Then I got a text message from the company, noting that I hadn't visited my "Pix Place" (online repository of my camera phone pictures) in 150 days, and if I didn't log in within 30 days, all my pictures (approximately fifteen, in total) would be deleted.
Cheerful, huh? Because these blurry photos must be taking up about 200 kb on Verizon's servers, and clearly, a competitive company in a cutthroat industry can't afford to give out free memory...
Then, when checking my voicemail a few days later, I heard a disturbing new automated message. Instead of informing me I had my regular three saved messages, I learned I had "three saved messages, whose retention time is about to expire."
A confession: I saved some messages for a long time. One, for instance, dates back to when the Sox beat the Yankees in the 2004 ALCS, and a friend called me up and made some kind of drunken hooting noise that I thought was worthy of repeated listens. Every 21 days, Verizon would play the message to me and ask if I wanted to delete it, and I'd always smile and press no.
Well, I guess they'd had enough, or maybe Verizon is run by a Steinbrenner acolyte, because in a few days those treasured messages were erased.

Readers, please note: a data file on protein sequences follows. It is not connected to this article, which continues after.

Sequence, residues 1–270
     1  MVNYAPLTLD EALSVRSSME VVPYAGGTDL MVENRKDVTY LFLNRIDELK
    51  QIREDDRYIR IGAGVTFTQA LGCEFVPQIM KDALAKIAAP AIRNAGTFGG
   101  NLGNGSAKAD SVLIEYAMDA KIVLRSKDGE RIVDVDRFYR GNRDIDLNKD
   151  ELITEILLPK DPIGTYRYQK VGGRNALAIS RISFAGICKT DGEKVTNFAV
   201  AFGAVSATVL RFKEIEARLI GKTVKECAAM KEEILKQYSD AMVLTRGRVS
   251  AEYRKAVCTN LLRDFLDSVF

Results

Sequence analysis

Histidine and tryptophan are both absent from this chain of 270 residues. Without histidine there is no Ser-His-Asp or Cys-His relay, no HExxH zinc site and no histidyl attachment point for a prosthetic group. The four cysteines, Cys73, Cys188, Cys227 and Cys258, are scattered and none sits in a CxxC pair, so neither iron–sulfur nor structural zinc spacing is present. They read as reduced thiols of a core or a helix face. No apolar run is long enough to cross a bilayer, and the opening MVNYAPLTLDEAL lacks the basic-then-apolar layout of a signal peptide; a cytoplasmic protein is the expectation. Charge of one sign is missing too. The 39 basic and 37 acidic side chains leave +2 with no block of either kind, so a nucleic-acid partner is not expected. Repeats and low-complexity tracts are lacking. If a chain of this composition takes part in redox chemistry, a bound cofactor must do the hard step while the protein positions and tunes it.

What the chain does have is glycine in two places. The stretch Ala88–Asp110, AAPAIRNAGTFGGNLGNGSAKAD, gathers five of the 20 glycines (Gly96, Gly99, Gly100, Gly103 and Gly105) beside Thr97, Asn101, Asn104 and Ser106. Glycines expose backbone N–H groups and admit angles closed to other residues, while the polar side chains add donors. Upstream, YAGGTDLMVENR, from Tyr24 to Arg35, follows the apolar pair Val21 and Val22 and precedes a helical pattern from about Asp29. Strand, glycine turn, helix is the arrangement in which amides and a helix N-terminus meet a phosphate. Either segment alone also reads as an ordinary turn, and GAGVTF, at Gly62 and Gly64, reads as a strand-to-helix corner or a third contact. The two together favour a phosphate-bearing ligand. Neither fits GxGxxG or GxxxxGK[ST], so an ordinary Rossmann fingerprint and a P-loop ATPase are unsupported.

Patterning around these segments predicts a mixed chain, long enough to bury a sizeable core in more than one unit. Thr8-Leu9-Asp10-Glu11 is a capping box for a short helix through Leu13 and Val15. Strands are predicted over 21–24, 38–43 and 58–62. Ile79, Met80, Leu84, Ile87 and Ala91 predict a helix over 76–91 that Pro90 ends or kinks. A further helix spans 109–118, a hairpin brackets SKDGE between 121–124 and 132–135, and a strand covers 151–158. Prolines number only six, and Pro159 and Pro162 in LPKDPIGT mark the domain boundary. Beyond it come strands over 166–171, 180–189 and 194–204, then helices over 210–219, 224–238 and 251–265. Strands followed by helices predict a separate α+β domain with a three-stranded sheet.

I think someone at the Onion is also frustrated with this company:
Verizon Introduces New Charge-You-At-Whim Plan
August 21, 2006 | Issue 42•34
NEW YORK—Verizon Communications, Inc. announced a new service package for its wireless and residential customers that would charge them widely varying, but always high, fees every month depending how the communications giant feels at the time. "Our Charge-At-Whim packages offer the same mediocre quality and insufferable level of customer service you’ve come to expect," a Verizon spokesman said Tuesday. "But it adds an unjustified, arbitrary and, if you’ll allow us to boast, frankly unjustifiable method of determining just how much you’ll pay for them." Packages start at "oh, $69.99 a month, let’s say?" and went into effect about three or four months ago.
Feels about right.